“Colorado Independent Energy Association is pleased to support this settlement agreement that will expand and promote competition in Colorado’s vibrant renewable energy industry to benefit Tri-State’s members,” said Mark Detsky, attorney for the organization.

Sixteen Tri-State members and stakeholders support the settlement, including Tri-State members Highline Electric Association, Poudre Valley Rural Electric Association and Y-W Electric Association; state agencies including the Colorado Energy Office, Trial Staff of the Colorado Public Utilities Commission, Office of Just Transition, and Office of the Utility Consumer Advocate; Moffat County and the City of Craig; environmental organizations including Natural Resource Defense Council, Sierra Club and Western Resource Advocates; and developer associations including Colorado Independent Energy Association, Colorado Solar and Storage Association, Interwest Energy Alliance and Solar Energy Industries Association. Fourteen intervening Tri-State members did not oppose the settlement.

Tri-State’s ERP process occurs in two phases. In Phase I, Tri-State collaborates with stakeholders, prepares modeling assumptions and scenarios, and models generic resources to arrive at a preferred plan that represents the most affordable resource mix, while respecting reliability metrics and environmental and transmission constraints. The Phase I proceeding includes the involvement of intervening parties on discovery, testimony, and, if needed, a hearing which leads to a CPUC decision on the preferred plan along with guidance for Phase II of the ERP. In some cases, parties reach a settlement agreement to collaboratively address the resource plan without need for a hearing. Tri-State anticipates a decision from the CPUC on the Phase I settlement agreement by mid-September.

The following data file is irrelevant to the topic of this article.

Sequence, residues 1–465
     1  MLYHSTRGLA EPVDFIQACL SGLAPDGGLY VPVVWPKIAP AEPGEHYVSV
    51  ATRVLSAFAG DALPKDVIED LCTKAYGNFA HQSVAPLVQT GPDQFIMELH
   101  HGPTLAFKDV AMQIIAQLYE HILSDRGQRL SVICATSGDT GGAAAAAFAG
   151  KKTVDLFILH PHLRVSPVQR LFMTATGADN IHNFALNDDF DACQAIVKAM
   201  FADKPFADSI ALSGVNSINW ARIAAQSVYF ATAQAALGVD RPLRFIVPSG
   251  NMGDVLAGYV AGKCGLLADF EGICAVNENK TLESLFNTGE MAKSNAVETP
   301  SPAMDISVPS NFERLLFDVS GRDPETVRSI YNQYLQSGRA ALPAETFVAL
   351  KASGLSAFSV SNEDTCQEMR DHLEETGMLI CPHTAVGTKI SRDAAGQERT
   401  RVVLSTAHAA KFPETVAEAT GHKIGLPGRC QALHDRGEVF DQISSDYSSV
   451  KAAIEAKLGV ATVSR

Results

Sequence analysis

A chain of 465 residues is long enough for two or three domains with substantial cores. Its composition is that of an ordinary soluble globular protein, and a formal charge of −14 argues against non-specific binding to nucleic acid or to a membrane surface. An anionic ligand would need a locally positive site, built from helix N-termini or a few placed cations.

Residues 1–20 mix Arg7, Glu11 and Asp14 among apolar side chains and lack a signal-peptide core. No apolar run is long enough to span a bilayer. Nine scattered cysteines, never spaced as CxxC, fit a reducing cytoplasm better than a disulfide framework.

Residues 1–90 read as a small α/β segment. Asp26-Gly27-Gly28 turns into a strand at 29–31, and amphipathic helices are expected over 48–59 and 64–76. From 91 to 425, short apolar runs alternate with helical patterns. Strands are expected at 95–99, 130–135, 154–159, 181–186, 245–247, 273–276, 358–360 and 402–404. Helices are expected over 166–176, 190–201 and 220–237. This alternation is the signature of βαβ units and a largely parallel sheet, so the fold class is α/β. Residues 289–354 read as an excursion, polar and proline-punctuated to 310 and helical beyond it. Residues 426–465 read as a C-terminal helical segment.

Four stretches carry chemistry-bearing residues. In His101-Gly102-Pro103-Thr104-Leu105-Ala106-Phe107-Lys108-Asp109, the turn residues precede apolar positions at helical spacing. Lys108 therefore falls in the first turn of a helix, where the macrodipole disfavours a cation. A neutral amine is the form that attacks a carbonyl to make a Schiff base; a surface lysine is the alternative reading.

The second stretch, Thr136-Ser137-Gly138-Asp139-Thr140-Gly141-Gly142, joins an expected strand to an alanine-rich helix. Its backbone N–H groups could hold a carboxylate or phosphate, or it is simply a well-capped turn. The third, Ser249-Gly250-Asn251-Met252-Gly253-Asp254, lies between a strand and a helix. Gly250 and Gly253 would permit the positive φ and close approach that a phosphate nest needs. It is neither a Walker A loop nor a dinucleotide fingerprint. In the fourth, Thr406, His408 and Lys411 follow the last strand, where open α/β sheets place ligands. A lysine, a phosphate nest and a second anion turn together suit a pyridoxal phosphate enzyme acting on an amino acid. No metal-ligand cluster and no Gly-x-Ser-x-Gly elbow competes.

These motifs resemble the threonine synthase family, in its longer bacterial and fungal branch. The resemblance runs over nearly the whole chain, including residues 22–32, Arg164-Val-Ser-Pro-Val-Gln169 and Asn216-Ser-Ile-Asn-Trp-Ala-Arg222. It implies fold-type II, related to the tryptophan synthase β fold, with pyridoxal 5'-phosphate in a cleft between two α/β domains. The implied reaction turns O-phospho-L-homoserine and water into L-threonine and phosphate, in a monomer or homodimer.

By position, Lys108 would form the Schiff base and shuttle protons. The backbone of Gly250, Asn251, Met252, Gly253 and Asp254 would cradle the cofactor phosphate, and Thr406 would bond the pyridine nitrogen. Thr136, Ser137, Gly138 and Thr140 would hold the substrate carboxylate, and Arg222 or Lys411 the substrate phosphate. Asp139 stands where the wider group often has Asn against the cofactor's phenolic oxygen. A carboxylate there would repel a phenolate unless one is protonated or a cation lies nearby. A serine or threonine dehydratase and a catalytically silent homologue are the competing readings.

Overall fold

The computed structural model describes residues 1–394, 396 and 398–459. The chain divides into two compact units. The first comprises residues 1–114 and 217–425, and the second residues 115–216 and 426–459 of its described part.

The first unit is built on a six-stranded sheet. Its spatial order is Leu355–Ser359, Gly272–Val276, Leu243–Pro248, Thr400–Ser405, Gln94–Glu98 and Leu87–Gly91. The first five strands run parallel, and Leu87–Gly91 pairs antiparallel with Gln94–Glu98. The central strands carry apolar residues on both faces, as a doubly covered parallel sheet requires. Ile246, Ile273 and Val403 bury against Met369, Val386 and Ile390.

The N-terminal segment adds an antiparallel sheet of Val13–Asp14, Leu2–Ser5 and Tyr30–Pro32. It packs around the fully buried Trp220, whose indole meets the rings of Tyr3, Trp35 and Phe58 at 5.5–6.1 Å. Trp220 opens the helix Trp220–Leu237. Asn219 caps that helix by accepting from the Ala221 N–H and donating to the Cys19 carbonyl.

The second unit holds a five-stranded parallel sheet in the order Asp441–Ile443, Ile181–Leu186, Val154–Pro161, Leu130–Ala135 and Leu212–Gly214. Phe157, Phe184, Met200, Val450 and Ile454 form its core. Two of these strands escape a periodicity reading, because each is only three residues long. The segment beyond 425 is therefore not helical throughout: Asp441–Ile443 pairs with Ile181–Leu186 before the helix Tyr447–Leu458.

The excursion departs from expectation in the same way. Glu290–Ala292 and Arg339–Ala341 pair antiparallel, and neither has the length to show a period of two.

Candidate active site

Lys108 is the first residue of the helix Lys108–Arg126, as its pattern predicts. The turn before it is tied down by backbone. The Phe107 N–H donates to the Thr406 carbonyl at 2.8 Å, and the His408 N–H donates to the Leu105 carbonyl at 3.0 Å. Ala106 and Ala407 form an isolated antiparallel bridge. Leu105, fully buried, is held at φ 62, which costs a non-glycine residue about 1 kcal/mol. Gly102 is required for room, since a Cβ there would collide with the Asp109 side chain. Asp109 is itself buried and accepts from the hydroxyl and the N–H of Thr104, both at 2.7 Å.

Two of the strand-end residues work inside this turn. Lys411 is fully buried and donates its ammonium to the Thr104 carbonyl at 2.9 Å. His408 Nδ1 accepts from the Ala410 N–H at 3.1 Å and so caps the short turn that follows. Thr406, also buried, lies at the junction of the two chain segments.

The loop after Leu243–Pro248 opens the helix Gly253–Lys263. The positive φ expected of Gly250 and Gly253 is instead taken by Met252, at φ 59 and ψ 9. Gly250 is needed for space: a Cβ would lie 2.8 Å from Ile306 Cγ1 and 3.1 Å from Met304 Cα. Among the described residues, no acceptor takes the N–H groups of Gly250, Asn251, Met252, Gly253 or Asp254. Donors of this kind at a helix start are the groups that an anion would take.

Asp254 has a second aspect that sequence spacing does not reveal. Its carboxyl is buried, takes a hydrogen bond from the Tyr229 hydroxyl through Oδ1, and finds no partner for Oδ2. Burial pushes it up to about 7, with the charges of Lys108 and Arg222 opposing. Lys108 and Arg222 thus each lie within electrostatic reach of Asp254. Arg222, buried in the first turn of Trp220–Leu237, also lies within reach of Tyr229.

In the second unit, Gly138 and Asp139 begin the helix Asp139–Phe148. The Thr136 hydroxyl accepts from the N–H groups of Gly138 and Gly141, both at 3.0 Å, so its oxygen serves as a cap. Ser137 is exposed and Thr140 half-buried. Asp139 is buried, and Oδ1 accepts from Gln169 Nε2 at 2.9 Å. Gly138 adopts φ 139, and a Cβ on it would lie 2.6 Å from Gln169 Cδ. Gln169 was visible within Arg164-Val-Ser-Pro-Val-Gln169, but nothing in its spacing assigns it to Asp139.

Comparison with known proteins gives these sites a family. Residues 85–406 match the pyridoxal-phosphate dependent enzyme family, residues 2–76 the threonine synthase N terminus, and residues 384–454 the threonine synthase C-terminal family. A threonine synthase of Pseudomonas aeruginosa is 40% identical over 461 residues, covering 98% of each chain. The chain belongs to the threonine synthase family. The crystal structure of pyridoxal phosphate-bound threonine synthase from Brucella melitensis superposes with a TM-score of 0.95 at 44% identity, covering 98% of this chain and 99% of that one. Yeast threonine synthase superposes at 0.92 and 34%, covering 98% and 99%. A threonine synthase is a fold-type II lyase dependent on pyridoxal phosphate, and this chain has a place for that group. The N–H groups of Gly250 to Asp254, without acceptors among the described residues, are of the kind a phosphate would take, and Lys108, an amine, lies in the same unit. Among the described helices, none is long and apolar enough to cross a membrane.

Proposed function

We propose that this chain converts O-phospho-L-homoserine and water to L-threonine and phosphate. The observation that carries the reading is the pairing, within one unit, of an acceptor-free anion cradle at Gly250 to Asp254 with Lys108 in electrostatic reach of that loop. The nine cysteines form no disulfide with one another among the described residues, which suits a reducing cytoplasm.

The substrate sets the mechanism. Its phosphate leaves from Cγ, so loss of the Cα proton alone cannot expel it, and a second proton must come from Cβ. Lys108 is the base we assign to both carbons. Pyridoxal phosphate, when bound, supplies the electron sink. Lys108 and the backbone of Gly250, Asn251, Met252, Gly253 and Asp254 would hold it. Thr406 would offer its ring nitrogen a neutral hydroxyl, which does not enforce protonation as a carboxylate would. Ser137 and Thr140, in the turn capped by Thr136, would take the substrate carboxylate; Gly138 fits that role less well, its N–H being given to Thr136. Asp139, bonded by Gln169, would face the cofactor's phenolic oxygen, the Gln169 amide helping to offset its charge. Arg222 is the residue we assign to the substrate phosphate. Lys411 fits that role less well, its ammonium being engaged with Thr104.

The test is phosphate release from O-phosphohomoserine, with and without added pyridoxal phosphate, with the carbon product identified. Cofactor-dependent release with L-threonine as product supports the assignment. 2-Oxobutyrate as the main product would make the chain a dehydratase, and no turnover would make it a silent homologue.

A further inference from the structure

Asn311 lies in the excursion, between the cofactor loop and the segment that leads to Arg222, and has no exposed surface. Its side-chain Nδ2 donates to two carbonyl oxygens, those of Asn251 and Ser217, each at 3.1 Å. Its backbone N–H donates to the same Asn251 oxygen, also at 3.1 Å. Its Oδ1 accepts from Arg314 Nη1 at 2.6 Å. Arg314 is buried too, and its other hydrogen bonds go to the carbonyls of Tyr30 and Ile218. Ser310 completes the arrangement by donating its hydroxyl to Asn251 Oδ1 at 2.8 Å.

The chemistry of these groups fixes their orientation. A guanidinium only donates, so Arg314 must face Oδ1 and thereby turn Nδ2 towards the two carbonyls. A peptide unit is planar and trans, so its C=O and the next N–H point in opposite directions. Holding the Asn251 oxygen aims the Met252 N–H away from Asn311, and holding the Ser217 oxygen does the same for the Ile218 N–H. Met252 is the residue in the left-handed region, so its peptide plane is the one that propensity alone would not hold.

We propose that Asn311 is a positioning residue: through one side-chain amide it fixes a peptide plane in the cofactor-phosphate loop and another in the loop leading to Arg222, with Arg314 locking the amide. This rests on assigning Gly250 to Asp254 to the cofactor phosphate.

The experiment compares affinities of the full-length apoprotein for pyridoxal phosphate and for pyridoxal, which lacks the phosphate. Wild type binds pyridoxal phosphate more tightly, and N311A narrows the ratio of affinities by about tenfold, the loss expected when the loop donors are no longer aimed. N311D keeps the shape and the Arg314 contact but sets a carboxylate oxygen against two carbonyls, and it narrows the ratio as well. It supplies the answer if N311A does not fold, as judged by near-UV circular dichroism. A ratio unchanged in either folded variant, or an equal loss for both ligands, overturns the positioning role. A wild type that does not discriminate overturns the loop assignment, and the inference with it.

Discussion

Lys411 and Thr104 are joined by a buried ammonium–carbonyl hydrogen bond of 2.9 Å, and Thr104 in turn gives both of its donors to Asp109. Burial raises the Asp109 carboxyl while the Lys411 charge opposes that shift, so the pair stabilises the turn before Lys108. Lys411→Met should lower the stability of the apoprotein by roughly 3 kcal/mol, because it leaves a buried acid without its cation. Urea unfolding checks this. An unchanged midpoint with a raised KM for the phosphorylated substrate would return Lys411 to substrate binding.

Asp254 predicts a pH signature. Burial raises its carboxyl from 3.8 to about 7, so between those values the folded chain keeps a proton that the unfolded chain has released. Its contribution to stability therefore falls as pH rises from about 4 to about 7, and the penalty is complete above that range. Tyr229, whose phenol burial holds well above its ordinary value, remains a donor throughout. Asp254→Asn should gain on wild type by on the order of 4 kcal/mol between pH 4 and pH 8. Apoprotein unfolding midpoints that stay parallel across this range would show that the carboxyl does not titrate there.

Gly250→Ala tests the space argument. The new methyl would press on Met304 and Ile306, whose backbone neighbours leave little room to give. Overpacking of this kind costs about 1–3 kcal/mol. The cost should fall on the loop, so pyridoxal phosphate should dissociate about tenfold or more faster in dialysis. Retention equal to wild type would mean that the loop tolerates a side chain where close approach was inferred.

In Phase II, Tri-State will issue requests for proposals seeking bids for new dispatchable, renewable, and storage resources. Bids are then evaluated through screening processes and selected through portfolio modeling. Tri-State will move to acquire the resources selected in our Phase II preferred portfolio once CPUC approval is received.

POWER edited this content, which was contributed by Tri-State’s communications group.